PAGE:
- GeoRef, Copyright 2004, American Geological Institute.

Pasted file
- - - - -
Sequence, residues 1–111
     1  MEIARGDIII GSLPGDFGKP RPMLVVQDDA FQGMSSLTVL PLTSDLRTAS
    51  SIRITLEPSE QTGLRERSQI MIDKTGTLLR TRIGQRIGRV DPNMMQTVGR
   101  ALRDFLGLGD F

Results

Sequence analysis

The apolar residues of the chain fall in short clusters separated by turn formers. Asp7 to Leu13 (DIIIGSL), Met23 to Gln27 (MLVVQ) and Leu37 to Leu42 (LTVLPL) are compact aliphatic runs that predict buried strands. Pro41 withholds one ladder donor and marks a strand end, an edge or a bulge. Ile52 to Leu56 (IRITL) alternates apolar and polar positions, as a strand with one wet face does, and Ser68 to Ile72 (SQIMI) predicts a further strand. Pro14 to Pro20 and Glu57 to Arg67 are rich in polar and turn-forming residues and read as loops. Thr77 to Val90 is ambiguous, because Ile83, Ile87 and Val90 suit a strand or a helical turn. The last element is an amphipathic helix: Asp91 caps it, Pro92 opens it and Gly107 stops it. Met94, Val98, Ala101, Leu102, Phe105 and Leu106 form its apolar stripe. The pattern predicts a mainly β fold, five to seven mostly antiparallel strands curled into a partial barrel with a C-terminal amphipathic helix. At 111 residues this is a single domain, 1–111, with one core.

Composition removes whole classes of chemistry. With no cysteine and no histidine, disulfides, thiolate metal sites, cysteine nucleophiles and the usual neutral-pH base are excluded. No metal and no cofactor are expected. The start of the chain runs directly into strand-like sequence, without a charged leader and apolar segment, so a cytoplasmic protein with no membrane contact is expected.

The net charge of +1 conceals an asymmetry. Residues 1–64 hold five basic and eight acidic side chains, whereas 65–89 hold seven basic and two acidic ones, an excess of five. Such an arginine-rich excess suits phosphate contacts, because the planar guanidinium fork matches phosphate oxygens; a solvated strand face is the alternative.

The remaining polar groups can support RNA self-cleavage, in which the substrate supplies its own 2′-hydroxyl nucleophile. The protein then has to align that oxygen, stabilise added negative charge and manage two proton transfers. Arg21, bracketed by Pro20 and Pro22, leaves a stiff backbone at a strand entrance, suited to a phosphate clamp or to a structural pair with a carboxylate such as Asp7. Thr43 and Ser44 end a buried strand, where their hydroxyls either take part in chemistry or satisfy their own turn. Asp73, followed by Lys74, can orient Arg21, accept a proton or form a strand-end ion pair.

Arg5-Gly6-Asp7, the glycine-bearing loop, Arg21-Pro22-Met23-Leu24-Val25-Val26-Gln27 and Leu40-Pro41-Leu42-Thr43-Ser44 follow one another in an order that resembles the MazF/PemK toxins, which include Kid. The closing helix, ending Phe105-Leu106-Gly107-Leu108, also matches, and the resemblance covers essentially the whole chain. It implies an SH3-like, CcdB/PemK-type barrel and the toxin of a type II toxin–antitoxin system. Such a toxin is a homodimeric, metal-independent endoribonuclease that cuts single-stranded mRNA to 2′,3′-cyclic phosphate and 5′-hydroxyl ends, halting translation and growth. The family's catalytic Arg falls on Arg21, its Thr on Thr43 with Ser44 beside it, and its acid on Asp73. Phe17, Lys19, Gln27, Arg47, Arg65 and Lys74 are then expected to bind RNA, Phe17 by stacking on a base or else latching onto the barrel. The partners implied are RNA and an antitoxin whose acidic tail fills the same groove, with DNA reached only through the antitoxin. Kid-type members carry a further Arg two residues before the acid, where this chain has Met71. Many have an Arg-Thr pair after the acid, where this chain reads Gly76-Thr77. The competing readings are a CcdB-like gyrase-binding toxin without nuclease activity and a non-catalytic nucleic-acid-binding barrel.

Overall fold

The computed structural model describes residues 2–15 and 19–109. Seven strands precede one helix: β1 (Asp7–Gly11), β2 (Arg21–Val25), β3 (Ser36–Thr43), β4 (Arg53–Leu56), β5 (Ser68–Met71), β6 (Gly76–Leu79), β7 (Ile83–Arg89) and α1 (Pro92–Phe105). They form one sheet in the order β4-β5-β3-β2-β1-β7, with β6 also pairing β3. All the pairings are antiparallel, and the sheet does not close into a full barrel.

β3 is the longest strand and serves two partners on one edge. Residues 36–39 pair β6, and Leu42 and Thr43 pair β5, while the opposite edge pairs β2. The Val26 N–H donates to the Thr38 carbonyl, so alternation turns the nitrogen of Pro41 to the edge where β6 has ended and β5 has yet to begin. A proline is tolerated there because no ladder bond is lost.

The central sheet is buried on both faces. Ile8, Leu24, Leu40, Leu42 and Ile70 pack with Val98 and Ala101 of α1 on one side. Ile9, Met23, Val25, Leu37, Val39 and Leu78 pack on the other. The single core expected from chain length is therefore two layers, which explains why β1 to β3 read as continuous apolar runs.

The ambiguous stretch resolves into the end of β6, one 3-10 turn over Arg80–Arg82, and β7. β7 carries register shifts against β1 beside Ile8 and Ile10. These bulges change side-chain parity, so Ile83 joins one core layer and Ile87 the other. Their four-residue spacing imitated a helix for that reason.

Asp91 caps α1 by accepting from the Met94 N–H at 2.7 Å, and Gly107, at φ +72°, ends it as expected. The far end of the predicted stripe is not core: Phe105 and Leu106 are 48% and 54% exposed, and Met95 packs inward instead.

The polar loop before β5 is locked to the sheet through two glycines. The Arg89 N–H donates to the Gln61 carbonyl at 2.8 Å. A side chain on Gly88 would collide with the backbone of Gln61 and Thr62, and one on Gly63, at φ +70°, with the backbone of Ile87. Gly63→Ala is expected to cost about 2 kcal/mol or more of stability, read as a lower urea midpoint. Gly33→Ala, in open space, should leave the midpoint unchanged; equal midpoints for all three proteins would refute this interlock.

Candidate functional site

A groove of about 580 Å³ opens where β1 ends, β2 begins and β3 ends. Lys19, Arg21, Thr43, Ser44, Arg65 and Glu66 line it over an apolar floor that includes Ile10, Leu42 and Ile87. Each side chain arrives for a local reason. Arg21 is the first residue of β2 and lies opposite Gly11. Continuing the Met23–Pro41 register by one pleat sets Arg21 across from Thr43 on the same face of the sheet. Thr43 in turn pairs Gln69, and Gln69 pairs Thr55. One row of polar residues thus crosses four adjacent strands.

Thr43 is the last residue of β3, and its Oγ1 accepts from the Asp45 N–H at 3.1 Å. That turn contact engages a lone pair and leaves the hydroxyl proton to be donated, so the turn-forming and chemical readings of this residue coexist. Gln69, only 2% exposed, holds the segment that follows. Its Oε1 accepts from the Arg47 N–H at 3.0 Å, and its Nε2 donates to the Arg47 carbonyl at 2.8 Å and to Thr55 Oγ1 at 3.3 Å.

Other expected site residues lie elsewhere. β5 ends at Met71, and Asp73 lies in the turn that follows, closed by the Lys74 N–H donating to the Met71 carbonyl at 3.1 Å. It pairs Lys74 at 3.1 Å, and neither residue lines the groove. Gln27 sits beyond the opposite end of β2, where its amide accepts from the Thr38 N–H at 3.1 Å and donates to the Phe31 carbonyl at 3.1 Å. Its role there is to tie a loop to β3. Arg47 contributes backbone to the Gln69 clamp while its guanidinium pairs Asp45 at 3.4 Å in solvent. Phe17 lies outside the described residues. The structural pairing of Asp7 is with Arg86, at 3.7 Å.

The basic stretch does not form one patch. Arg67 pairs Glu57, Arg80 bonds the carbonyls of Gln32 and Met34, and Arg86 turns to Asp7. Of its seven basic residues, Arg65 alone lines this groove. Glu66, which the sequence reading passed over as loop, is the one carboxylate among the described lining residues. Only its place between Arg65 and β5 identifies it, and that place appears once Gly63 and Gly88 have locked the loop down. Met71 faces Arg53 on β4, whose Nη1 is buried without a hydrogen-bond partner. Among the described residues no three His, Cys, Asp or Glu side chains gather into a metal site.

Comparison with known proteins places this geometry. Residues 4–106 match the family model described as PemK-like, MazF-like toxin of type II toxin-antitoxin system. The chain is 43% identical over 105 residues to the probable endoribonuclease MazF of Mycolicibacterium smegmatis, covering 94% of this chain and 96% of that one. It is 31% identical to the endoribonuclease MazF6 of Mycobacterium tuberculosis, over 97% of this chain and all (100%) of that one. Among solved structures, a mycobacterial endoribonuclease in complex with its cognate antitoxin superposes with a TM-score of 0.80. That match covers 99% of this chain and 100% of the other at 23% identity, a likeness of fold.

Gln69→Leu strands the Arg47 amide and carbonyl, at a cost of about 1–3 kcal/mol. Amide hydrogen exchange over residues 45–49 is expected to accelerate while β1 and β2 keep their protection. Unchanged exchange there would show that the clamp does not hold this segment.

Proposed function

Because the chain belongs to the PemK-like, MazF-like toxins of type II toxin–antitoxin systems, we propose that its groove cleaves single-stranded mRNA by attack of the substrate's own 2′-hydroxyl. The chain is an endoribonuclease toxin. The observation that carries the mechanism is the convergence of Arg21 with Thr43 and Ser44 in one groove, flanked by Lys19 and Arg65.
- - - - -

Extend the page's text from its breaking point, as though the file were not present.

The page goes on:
The Ice River complex, in Yoho and Kootenay National Parks, consists of plutonic basement rocks of Precambrian age (Gussow and Hunt, 1959), brought to the surface in two thrust sheets as a result of the Rocky Mountain orogeny. The basement rocks consist of nepheline and sodalite syenite, paragneisses, and crystalline limestones, which unconformably underlie rocks of Upper Cambrian age. The strata immediately overlying the basement are dove-gray limestones containing boulders and pebbles of basement rocks, and locally have a thin basal conglomerate or grit. The limestones thin by onlap on basement topography (Figs. 2, 3). In recent years, other workers have postulated carbonatites, magmatic differentiation, and liquid immiscibility for their origin (Gussow, 1977). The Ice River controversy is dealt with in detail, by documenting the evidence for the true age of the complex, and reinterpreting the data of others in the light of this evidence.